In order to establish a disability under the Act, a claimant must demonstrate a "medically determinable basis for an impairment that prevents him [or her] from engaging in any 'substantial gainful activity' for a statutory twelve-month period." Stunkard v. Secretary of Health & Human Services, 841 F.2d 57, 59 (3d Cir. 1988); Kangas v. Bowen, 823 F.2d 775, 777 (3d Cir. 1987); 42 U.S.C. §§ 423(d)(1)(A), 1382c(a)(3)(A). A claimant is considered to be unable to engage in substantial gainful activity "only if his [or her] physical or mental impairment or impairments are of such severity that he [or she] is not only unable to do his [or her] previous work but cannot, considering his [or her] age, education, and work experience, engage in any other kind of substantial gainful work which exists in the national economy." 42 U.S.C. §§ 423(d)(2)(A), 1382c(a)(3)(B).
To support his or her ultimate findings, an administrative law judge must do more than simply state factual conclusions. He or she must make specific findings of fact. Stewart v. Secretary of Health, Education & Welfare, 714 F.2d 287, 290 (3d Cir. 1983). The administrative law judge must consider all medical evidence contained in the record and provide adequate explanations for disregarding or rejecting evidence. Weir on Behalf of Weir v. Heckler, 734 F.2d 955, 961 (3d Cir. 1984); Cotter v. Harris, 642 F.2d 700, 705 (3d Cir. 1981).
The Social Security Administration ("SSA"), acting pursuant to its legislatively-delegated rulemaking authority, has promulgated a five-step sequential evaluation process for the purpose of determining whether a claimant is "disabled" within the meaning of the Act. The United States Supreme Court recently summarized this process by stating as follows:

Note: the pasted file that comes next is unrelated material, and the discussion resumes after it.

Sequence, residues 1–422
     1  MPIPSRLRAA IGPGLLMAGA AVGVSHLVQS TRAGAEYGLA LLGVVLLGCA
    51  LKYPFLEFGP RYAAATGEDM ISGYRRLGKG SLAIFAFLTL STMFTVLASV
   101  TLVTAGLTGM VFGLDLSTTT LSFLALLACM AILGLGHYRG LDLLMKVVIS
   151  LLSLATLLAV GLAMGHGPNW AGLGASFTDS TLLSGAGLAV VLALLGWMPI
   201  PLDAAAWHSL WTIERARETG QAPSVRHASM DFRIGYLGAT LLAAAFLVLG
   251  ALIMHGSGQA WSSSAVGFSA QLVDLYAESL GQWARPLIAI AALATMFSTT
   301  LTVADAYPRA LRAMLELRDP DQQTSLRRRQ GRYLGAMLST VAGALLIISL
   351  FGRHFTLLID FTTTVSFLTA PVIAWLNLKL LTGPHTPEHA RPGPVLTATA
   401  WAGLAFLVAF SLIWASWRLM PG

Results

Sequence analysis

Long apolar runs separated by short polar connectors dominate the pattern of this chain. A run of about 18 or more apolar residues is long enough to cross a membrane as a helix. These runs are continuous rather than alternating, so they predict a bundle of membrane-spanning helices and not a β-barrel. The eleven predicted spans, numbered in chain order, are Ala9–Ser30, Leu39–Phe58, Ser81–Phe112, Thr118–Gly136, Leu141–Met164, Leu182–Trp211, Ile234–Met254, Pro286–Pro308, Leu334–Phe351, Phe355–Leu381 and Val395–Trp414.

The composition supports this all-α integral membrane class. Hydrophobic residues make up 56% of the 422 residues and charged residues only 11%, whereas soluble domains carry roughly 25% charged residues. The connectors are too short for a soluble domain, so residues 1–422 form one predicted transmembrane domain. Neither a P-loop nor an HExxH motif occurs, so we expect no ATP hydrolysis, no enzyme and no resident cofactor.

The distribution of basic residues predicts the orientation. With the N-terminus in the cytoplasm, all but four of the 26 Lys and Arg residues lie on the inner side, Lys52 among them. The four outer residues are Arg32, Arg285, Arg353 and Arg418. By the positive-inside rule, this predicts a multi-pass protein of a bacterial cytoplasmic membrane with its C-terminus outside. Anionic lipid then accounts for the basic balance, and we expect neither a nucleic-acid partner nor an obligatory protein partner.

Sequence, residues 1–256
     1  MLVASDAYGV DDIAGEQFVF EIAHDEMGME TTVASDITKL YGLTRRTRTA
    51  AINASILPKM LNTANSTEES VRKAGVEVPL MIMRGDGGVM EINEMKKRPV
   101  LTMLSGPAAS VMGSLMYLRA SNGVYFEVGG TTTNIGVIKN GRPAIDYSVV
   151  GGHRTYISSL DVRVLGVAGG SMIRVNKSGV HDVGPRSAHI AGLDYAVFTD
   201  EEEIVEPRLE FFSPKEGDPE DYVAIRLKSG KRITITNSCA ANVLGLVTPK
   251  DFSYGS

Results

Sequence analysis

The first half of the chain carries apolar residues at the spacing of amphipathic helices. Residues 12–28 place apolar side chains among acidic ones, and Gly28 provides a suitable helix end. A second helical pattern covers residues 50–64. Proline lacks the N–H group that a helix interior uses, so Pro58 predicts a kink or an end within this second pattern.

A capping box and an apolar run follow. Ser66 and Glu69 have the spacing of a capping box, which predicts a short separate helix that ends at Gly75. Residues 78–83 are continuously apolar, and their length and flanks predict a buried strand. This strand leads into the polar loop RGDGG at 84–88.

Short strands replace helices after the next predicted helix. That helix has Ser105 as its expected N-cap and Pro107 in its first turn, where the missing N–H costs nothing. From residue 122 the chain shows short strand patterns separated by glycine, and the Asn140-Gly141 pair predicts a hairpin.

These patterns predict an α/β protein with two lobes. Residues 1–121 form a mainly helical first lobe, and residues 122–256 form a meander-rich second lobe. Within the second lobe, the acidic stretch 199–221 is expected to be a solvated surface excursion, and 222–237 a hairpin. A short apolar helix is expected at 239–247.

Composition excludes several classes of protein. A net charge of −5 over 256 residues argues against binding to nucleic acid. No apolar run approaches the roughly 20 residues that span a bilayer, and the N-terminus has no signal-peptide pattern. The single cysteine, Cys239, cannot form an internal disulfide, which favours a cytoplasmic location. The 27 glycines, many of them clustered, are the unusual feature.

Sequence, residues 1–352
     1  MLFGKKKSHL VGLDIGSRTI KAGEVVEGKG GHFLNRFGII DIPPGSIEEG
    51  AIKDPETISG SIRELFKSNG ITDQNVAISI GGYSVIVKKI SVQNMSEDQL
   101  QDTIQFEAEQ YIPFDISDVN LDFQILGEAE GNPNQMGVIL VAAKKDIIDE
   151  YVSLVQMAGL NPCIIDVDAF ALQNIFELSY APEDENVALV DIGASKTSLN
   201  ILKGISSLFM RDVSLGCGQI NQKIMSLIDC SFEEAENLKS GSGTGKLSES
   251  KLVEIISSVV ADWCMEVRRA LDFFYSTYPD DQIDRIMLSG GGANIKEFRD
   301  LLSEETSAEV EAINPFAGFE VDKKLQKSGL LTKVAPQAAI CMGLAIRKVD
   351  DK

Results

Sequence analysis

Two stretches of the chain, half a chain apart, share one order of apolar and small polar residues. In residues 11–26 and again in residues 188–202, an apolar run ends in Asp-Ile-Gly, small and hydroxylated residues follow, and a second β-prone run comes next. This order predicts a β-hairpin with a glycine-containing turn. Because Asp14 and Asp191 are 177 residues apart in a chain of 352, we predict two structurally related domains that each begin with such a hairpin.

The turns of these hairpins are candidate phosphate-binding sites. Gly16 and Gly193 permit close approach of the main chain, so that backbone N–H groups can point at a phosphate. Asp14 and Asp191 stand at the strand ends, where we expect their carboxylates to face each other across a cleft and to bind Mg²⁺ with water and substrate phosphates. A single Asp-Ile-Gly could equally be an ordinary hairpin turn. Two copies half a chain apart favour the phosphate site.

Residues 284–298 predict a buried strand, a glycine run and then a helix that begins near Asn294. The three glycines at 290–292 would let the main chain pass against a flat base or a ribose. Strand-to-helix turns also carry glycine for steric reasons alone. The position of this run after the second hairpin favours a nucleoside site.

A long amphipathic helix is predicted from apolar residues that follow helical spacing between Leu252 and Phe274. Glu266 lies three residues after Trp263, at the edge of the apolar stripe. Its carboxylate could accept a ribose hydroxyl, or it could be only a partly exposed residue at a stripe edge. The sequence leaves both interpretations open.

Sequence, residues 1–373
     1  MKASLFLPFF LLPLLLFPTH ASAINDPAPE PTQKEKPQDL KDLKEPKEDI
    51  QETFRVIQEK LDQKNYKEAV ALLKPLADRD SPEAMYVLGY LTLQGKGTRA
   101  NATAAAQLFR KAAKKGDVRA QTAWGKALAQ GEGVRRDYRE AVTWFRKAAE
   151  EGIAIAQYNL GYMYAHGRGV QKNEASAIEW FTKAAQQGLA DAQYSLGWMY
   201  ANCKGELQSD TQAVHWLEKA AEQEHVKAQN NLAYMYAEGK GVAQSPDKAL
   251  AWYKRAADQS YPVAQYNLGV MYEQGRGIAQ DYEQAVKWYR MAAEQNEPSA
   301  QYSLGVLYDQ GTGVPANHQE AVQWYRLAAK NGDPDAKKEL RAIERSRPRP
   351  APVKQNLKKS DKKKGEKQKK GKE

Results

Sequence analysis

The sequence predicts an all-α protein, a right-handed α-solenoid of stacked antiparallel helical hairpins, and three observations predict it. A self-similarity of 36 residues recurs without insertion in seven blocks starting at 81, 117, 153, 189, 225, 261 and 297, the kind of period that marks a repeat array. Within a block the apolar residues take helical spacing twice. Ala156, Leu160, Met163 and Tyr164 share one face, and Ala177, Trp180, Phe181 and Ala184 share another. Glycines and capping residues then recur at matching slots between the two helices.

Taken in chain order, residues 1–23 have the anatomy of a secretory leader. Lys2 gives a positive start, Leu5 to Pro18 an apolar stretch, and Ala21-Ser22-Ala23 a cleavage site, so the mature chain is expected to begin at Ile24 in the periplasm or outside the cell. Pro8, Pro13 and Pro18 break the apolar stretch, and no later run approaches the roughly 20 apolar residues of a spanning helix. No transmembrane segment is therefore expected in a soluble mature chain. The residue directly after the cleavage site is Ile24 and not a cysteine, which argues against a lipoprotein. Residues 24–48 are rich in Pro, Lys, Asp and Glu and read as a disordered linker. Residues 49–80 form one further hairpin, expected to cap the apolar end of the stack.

If at any step a finding of disability or non-disability can be made, the SSA will not review the claim further. At the first step, the agency will find non-disability unless the claimant shows that he is not working at a "substantial gainful activity." [20 C.F.R.] §§ 404.1520(b), 416.920(b). At step two, the SSA will find non-disability unless the claimant shows that he has a "severe impairment," defined as "any impairment or combination of impairments which significantly limits [the claimant's] physical or mental ability to do basic work activities." §§ 404.1520(c), 416.920(c). At step three, the agency determines whether the impairment which enabled the claimant to survive step two is on the list of impairments presumed severe enough to render one disabled; if so, the claimant qualifies. §§ 404.1520(d), 416.920(d). If the claimant's impairment is not on the list, the inquiry proceeds to step four, at which the SSA assesses whether the claimant can do his previous work; unless he shows that he cannot, he is determined not to be disabled. If the claimant survives the fourth stage, the fifth, and final, step requires the SSA to consider so-called "vocational factors" (the claimant's age, education, and past work experience), and to determine whether the claimant is capable of performing other jobs existing in significant numbers in the national economy. §§ 404.1520(f), 404.1560(c), 416.920(f), 416.960(c). Barnhart v. Thomas, 540 U.S. 20, 24-25, 124 S.Ct. 376, 157 L.Ed.2d 333 (2003)(footnotes omitted).
Section 105 of the Contract With America Advancement Act of 1996 ("CWAAA") amended the Social Security Act to provide that "an individual shall not be considered to be disabled" thereunder if "alcoholism or drug addiction" would be "a contributing factor material to the Commissioner's determination that the individual is disabled." Pub. L. No. 104-121, § 105; 110 Stat. 847, 852-853 (1996); 42 U.S.C. §§ 423(d)(2)(C), 1382c(a)(3)(J). The Commissioner has promulgated regulations to implement the statutory mandate of the CWAAA. 20 C.F.R. §§ 404.1535, 416.935. Under the applicable regulations, the critical question is whether a claimant who is disabled as a result of drug or alcohol use would remain disabled if he or she were to stop using those substances. 20 C.F.R. §§ 404.1535(b)(1), 416.935(b)(1). If his or her disability would persist even after a cessation of drug or alcohol abuse, he or she is entitled to an award of benefits. 20 C.F.R. §§ 404.1535(b)(2)(ii), ...